I am having some problem in understanding one step in the following algebra.

Consider an interaction where initial state is defined as $ \left|i\right> $ and final state by $ \left|f\right> $. Now, $$ \left|i\right> = \mathcal{ CPT}\left | \bar{i}\right> $$ $$ \left|f\right> = \mathcal{ CPT} \left| \bar{f}\right> $$ Using the CPT invariance condition, $ \left(\mathcal{ CPT} \right)T \left(\mathcal{ CPT}\right)^{-1}= T^{\dagger}$, where $T$ is the transition matrix; $$ \left<f|T^{\dagger}|i\right> = \left<\bar{f}|T|\bar{i}\right>^{*}$$

Please show explicitly how to derive the last equation.

  • $\begingroup$ Isn't the invariance condition for $T$ that $(\mathcal{CPT})T\left(\mathcal{T^{-1}P^{-1}C^{-1}}\right) = T^\dagger$? $\endgroup$ – rob Sep 28 '15 at 12:24
  • $\begingroup$ @rob This condition says, that Transition matrix is invariant under $ \mathcal{CPT} $. $\endgroup$ – seeking_infinity Sep 28 '15 at 13:01
  • $\begingroup$ Well if $$ \left(\mathcal{ CPT} \right)T \left(\mathcal{ CPT}^{-1}\right)= T^{\dagger}$$ Then the converse $$\left(\mathcal{ CPT} \right)T^{\dagger} \left(\mathcal{ CPT}^{-1}\right)= T$$ is true too right? $\endgroup$ – Horus Sep 28 '15 at 15:44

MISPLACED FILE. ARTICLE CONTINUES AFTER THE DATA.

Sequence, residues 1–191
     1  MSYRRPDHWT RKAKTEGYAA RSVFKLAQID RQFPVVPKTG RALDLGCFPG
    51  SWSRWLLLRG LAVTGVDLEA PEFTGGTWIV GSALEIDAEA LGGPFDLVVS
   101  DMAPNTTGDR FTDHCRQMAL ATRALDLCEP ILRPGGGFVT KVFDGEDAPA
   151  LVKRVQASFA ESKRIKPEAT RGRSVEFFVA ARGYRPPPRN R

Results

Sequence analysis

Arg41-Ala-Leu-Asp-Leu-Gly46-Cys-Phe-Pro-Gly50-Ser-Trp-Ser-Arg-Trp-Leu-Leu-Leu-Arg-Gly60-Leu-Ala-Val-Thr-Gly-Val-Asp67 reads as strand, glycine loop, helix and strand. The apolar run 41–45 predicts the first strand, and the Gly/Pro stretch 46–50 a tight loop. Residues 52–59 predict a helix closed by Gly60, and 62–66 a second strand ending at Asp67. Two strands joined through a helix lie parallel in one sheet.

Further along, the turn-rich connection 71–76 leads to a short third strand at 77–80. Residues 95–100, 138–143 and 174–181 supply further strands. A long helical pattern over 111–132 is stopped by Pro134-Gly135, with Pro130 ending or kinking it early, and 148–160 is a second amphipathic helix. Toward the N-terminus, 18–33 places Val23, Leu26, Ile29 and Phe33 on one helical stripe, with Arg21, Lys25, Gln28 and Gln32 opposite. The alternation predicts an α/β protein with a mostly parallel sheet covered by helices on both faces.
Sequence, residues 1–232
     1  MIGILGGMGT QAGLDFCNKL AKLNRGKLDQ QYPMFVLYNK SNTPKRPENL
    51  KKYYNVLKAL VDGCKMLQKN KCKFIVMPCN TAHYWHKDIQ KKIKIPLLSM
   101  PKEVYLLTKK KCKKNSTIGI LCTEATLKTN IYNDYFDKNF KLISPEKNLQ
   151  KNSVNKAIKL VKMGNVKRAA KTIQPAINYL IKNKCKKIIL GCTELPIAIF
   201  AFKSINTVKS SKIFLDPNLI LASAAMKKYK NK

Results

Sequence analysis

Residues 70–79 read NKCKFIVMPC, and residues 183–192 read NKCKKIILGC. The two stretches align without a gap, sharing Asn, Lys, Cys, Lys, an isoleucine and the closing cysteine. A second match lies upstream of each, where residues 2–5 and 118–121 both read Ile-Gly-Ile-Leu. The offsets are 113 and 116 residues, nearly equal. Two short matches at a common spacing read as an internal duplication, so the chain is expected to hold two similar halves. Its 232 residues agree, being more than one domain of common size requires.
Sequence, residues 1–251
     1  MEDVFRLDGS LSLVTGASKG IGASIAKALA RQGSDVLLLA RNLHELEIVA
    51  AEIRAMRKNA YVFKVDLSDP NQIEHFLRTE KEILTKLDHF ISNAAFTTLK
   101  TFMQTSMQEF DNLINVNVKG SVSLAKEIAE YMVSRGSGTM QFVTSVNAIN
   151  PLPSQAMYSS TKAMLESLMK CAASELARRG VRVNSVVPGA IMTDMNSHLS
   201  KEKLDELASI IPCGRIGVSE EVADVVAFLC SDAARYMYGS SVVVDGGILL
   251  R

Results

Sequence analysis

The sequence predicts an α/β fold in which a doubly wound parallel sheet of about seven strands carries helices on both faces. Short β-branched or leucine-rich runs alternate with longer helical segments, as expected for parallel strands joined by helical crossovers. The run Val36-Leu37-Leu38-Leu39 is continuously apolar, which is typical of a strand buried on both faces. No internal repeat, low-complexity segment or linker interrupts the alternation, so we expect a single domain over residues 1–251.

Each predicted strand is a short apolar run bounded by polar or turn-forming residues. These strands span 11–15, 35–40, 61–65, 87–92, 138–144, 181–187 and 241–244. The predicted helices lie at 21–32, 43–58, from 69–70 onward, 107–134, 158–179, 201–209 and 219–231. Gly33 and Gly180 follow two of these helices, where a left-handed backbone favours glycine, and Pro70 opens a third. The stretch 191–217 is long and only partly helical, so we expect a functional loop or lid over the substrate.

• $\begingroup$ What I am asking is, how to get to the last step. $\endgroup$ – seeking_infinity Sep 28 '15 at 17:34
  • $\begingroup$ @seeking_infinity Your edit is better. Inverse of a product of operators is the product of the inverses in the reverse order. $\endgroup$ – rob Sep 28 '15 at 18:46

So let's start from the relations you gave and transform one of them from ket to bra. $$ \left|i\right> = \mathcal{ CPT}\left | \bar{i}\right> $$ $$ \left<f\right| = \left< \bar{f}\right| (\mathcal{ CPT})^{\dagger} $$ Using the CPT invariance condition, $ \left(\mathcal{ CPT} \right)T \left(\mathcal{ CPT}\right)^{-1}= T^{\dagger}$,

It is easy to show that: $$ \left<f|T^{\dagger}|i\right> = \left<\bar{f}|(\mathcal{CPT})^{\dagger}(\mathcal{ CPT})T|\bar{i}\right> $$

Then by the anti-linearity of $\mathcal{CPT}$, $\left<\bar{f}|(\mathcal{CPT})^{\dagger}(\mathcal{ CPT})T|\bar{i}\right> = \left<\bar{f}|(\mathcal{CPT})(\mathcal{ CPT})T|\bar{i}\right>^* $

Since $\mathcal{CPT}^2$ = $\mathcal{I}$

$\left<\bar{f}|(\mathcal{CPT})(\mathcal{ CPT})T|\bar{i}\right>^* = \left<\bar{f}|T|\bar{i}\right>^* $

They key step is the anti-linearity condition.


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